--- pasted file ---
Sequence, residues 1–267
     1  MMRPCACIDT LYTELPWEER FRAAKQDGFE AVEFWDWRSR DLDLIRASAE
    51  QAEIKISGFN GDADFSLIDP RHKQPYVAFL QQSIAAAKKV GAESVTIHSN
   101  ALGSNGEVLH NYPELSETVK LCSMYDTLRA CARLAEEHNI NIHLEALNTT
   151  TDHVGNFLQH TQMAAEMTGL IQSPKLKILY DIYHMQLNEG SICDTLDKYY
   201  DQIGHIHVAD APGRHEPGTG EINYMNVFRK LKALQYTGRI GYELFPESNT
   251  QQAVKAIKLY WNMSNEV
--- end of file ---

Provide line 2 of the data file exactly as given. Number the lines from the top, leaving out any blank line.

     1  MMRPCACIDT LYTELPWEER FRAAKQDGFE AVEFWDWRSR DLDLIRASAE